BeReal or BeFake

Meier Turboff, Reporter

When most students get their BeReal notification and start their two-minute timer, the fear that their BeReal will be “late” sets in, hoping to get their post done before the timer ultimately hits zero.  

In the past year, BeReal, a new social media app, took over the Emery student body. However, does BeReal deserve the hype it has been getting this past year? 

BeReal came out last winter. The app focuses on being your real self and not faking what you are doing on the internet. The app gives users a notification that “Time to BeReal” at a random time, every day. The notification then prompts users to take spontaneous photos of what they are doing at that exact moment before posting them and allowing others to see what they are doing. Unlike other social media apps such as Snapchat and Instagram, BeReal takes a picture from both the front-facing camera as well as the rear-facing, to fully capture what the user is doing at the time.

Many Emery students love the uniqueness and creativity of the app, and how it pressures them to be their true selves, which is not found in other social media apps.

Vera Fotopoulos, junior and avid user of the app, praises the app, stating that the app gives her a “fun way to see what [her] friends are doing at a random moment during the day.” Furthermore, she praised the originality of the app stating that the app is, “unique to where you take a picture with the front camera and the back camera at the same time.” Lastly, Fotopoulos believes that everyone should download the app because it “encourages users to just be their authentic selves without the use of filters and editing.”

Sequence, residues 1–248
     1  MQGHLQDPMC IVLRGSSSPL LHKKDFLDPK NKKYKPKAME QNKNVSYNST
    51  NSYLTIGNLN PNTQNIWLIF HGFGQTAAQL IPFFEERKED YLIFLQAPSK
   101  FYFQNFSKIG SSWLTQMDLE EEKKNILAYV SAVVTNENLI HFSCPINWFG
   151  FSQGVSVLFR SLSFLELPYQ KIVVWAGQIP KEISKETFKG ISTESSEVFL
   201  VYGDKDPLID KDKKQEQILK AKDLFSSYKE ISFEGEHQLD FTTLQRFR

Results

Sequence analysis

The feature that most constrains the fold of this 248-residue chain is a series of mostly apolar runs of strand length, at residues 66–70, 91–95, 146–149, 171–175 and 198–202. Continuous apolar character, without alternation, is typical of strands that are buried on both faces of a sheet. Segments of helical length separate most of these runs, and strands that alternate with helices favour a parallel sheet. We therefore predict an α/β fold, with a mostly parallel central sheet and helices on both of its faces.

Many students are torn about whether BeReal is deserving of its following. In addition, many question if the app upholds its message of “being real.”

Orie Israel, junior and avid hater of the app, questions the necessity of an app like BeReal. She shares that just because there is a two-minute timer, it does not mean people are truly being authentic, “most people are not even authentic like they will do anything in those two minutes to look good, and or even fake what they are doing in that moment to take the perfect photo.” Israel continues by critiquing the app, stating that  “If you do not post a photo in the time frame you should not be able to post one later,” because that defeats the purpose of “being real.”

Ultimately, the rise of BeReal at Emery has caused many to question the legitimacy of the app, and if people are truly “being real.”